In every major city, small town, or continent or island in the world, you will observe the spectrum of people: ranging from optimistic to pessimistic, emotionally secure to fearful, intelligent to stupid, open-minded to one-sided, and every stereotypical profile in between, Ad Infinitum.

As a tourist, you will find extravagant places to eat, different attractions, historical monuments, scenic routes, soothing music, and even listen to similar horrific historical and cultural stories, etc.…

The list can go on Aeternum.

Everything is new (to you), it’s exciting.

So, you keep traveling.

But after a few more months, your new environments start to lose their luster, your emotions about your journey begin to wax and wane, and you are left in a state of ennui.

A lethargic sense of dissatisfaction and disinterest that keeps you asking yourself, “what is happening?”

But you won’t find the correct answer until you start asking the right questions.

And you can’t articulate the right questions if you can’t identify the underlying reasons for your endeavors.

I’m trying to say that you have to be aware there will always be tradeoffs and consequences for your decisions (regardless of your location.) It’s the baggage you carry with you.

If you spend too much time lusting over your new city, you forget the other life components that keep you balanced on your tightrope: goals, routines, schedules, and structure.

If you decide to slack off and focus on partying in your new country, your academic or professional life might suffer.

If you think traveling or, more specifically, a new external environment will alleviate your boredom, you’re mistaken. Once the novelty fades, and the dust settles…. That boredom resurfaces.

So ask yourself, “What is this boredom?”

And in my case, if you only leave yourself a few hours every weekend to sightsee and socialize…. You get the point.

But take my words with a grain of salt, what do I know?

I’m only a 24-year-old.

Why Should You Take Responsibility?

Jordan Peterson said it best, “Responsibility, not happiness, allows most people to find the meaning that sustains them through life.”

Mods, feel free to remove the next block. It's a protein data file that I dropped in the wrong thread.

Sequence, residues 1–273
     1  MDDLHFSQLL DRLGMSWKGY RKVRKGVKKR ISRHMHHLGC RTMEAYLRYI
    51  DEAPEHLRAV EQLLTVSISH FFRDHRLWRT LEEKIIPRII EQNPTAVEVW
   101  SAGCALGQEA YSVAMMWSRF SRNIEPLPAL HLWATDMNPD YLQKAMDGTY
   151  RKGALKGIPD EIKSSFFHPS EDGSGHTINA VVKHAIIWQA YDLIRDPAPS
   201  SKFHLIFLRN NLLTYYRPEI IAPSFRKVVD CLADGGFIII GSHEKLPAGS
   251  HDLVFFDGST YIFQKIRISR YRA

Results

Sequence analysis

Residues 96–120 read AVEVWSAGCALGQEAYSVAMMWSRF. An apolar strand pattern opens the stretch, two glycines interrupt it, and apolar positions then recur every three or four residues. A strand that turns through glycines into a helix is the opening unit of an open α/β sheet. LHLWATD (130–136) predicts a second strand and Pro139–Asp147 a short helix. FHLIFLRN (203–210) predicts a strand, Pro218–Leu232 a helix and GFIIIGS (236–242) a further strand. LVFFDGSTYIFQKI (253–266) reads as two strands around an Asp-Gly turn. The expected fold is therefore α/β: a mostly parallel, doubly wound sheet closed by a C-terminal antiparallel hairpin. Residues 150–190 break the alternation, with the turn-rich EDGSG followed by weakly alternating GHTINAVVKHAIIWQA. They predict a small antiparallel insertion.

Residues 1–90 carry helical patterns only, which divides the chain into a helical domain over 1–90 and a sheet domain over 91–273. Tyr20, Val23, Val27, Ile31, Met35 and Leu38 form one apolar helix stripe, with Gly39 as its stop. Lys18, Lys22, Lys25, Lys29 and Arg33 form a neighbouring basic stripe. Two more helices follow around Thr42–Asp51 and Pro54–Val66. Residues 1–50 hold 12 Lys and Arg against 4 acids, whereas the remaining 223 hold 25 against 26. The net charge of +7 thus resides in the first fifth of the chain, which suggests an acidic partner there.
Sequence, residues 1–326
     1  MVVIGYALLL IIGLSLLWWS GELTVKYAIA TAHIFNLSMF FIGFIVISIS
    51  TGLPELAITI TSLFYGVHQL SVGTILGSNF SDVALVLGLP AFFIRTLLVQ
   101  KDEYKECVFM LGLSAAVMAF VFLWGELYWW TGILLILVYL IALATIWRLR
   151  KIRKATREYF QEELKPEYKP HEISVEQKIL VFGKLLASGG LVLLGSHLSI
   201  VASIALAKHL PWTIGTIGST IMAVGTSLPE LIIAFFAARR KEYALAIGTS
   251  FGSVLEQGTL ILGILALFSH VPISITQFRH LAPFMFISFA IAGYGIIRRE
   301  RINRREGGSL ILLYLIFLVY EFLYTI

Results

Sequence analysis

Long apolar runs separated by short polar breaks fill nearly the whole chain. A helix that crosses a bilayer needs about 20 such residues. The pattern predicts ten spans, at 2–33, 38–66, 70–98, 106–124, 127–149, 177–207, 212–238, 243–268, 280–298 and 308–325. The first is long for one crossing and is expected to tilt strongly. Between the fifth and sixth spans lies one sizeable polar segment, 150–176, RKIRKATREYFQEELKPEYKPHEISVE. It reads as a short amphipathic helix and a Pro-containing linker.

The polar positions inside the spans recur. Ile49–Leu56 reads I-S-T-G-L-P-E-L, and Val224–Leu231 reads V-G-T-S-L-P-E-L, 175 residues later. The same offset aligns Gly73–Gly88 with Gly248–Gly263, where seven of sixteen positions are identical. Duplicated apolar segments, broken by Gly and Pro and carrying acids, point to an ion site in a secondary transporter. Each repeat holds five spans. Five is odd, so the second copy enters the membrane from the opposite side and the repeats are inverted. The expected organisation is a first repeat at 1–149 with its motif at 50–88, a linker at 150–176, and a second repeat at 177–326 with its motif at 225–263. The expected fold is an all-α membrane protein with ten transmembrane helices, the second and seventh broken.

As you continue to travel, you begin noticing that our homelands — although outwardly unique with their own cultures, customs, characteristics, and geographical features — share internal similarities because they are filled with human beings with similar wants, needs, and desires.

After we met our basic survival needs- food and water on the table, roof over your head, heat during the winter, and the ability to sustain ourselves financially — Happiness is what we strive for.

But in reality, happiness is ephemeral and ebbs and flows. You can be temporarily happy: eating food, having sex, training jiu-jitsu, traveling, receiving attention from a special someone, etc.…

One moment, you can be happy traveling from country to country, “living your best life” — the next, you can find yourself in a pit of despair because you no longer feel satisfied with your situation.

This is why I’ve found striving for happiness less efficient than taking control over your life.

And look, you don’t need to start taking responsibility in significant ways.

Start in small ways.

Perhaps, clean your house, be better to your friends and family, start working out…. Go small and gradually build up that responsibility.

As my Okinawan Grandmother used to say,

“Miinai chichi nai.” — We learn by watching and listening.

And ultimately, through this sense of responsibility or the compulsion to be responsible — partial satisfaction with one’s life is imminent.

Remember, half a loaf of bread is better than no loaf.

So, the next time you decide to place traveling on the same pedestal as a brand-new car, I want to remind you that the driver is more important than the vehicle.

Ultimately, if you want a thing done well, do it yourself.